Gathering Data

Need to add worksheet in somewhere... --MF, 8/12/21
In this activity, you'll define a research question, collect data from your classmates, and clean the data so it can be entered into Snap!.

In a later activity, you'll input the data in Snap! and create your own visualization of the results, a pictograph like this one:
pictograph with ice cream cones; the vertical axis is labeled 'Number of students' and the categories along on the horizontal axis are 'MintChip' showing three ice cream cones, 'Vanilla' showing four ice cream cones,  and 'Orange' showing one ice cream cone

Every day, thousands of professional data analysts go through the process of collecting and understanding data.
Define the question → Collect the data → Clean the data → Analyze the data → Visualize and share findings

Defining Your Research Question

First, come up with a question that has a relatively small number of possible answers (2-12) and for which each person will only have one response. Here are some ideas:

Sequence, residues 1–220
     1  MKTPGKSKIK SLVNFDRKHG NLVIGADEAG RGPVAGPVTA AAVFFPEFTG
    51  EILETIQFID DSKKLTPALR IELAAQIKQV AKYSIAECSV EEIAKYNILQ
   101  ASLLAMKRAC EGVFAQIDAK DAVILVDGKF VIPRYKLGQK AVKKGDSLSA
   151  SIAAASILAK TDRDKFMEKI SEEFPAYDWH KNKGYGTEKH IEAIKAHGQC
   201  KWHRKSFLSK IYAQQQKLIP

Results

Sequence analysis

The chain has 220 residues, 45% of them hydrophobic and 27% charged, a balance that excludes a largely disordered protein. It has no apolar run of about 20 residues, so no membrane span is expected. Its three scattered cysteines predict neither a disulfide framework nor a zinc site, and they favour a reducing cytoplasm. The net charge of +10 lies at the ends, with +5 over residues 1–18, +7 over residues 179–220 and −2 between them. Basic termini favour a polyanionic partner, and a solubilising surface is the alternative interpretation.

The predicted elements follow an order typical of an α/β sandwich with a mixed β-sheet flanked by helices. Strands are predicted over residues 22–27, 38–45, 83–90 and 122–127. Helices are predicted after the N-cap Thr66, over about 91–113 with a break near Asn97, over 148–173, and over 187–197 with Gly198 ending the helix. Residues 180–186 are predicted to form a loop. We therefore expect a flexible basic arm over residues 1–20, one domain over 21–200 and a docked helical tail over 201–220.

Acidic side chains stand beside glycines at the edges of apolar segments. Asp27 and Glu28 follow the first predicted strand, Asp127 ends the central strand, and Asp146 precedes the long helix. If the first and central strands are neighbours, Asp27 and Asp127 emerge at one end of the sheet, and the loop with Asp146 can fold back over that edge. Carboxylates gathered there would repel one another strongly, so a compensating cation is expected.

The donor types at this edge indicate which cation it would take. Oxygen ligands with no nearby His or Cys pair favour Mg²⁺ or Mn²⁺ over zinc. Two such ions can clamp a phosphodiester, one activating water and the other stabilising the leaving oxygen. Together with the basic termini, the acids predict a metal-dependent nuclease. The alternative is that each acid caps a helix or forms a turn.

1. Decide on a research question. (Make sure it's one for which each person will only have one response.)
  2. List some possible responses. There should be a relatively small number (2-12). (Note that questions "What is your favorite book?" won't make a not great choice for this project since there are a large number of possible responses.)

Collecting Your Data

  1. Ask each classmate your question, and paste a link to the results.

Cleaning Your Data

Reference: Cleaning Big Data: Most Time-Consuming, Least Enjoyable Data Science Task, Survey Says
I still don't love having this link in the curriculum. It basically says, "this stuff isn't fun." --MF, 8/12/21
Data cleaning is a crucial part of the data analysis process. Data scientists report spending 60% of their time cleaning data!

So, what makes data messy? That depends on the kind of data collected, but in this case, there might be variation in the ways people respond to the question. You'll need to find and remove those differences so the data can be analyzed by a computer. Here are some examples:

  1. Go through your data, and see if any of your data needs to be cleaned up. You'll have to make some decisions about how you want to organize the data.
  2. Save your cleaned up data so you can find it again later.
In this activity, you defined a research question, collected responses to your question, and cleaned the data for entry into Snap!.